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The Karma of a Kicking Horse. ~ Jenna Penielle Lyons

photo Jenna P. Lyons

There have been days this spring and summer that the only words I spoke were into the face of a horse. I like it that way.

In fact, I wish humans were more like horses. Horses will never laugh at you. They won’t argue with you. They may kick you, step on your feet, ignore you, or disobey you. But they won’t cheat on you, talk about you behind your back, or stop loving you. They don’t fall out of love with you. They don’t lie to you. They lack the ego that most humans suffer from.

The nice thing about horses is that they don’t generally deal with assholes. They buck them off or kick them. Silently. Quick and to the point. Instant karma.

If only human beings could act with such discriminating and wrathful action.

They are, for the most part, loyal and honest. Unconditionally. 

“A horse is the projection of peoples’ dreams about themselves—strong, powerful, beautiful —and it has the capability of giving us escape from our mundane existence.” 

~ Pam Brown

I enjoy riding—even the zen art of shoveling stalls out—because it allows me to connect with not one, but two emotional minds and bodies at once. It’s like making love, really. And there’s not a single evil in the world that a stout canter can’t beat out of a soul. Sometimes I feel like I can communicate more soundly with horses than I can with humans.

So, at the end of the day, I go home wishing humans were more like horses. At the end of the day, I come home and I am disappointed by the way humans treat each other. It’s sometimes a severe letdown to come home from a day of beautiful fantasy on horseback.

And in all my interactions with horses, I can tell which ones have been abused by humans—which horses have been objects of our insecurities. Projections. Desires. Regrets. The wild and unruly ones have maybe been beaten or repeatedly traumatized. The downtrodden ones have maybe been neglected. The skinny ones haven’t been fed. If a horse has an issue, chances are that it hasn’t been taken care of and loved enough.

I believe humans are the same way.

I think horses are a good way to learn about the dharma. And if you don’t care about the dharma (but you still care about being a compassionate and honest human being), horses can teach us how to be decent humans anyway. Maybe someday we’ll catch up to them.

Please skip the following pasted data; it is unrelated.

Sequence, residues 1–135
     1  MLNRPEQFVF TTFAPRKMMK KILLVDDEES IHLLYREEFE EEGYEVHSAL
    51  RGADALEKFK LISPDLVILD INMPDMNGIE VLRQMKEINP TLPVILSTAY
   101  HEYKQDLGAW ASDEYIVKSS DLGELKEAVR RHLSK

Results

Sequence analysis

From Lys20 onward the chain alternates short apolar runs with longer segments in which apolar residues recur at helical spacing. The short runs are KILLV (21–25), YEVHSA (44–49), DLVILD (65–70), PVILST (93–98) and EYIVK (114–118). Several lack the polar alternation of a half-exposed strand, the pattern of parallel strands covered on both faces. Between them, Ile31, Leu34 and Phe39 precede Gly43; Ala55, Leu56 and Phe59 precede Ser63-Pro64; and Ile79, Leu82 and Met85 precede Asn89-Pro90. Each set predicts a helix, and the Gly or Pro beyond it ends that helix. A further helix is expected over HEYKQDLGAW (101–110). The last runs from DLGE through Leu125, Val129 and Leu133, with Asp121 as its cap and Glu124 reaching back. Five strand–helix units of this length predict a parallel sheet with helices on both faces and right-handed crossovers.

Maybe someday, we’ll stop acting like assholes and start learning some lessons from the world around us. Maybe someday we’ll stop cheating, lying, stealing. Maybe someday, we’ll instead run fast in the wind with our herd…faithful to our own souls and kind(er) to those we are supposed to love and care about—committed to the end.

True. Compassionate. Loyal. Faithful. Honest. Bare.

The way things are supposed to be.

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Editor: Travis May

Photo: Jenna Penielle Lyons

 

 

 

 

 

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Jenna Penielle Lyons

Jenna Penielle Lyons was born in Portales, New Mexico among sage and sand. Raised in Pocatello, Idaho among the black rock and juniper, she grew up wandering in cowboy boots, running, riding bikes, skiing, climbing, painting, and studying classical ballet. She is a scholar of English Literature, a poet, painter, photographer, musician, and outdoorswoman. She winters in Missoula and spends the summer working for Snake River Hotshots. She is a lover of mountain bluebirds & elephants, tea & good coffee, Carl Jung, Salvador Dali, skiing, climbing in the desert, yoga, harp music, and sagebrush. Her favorite foods are borscht and any combination of chocolate and cayenne pepper. Check out her work and follow her adventures at her website.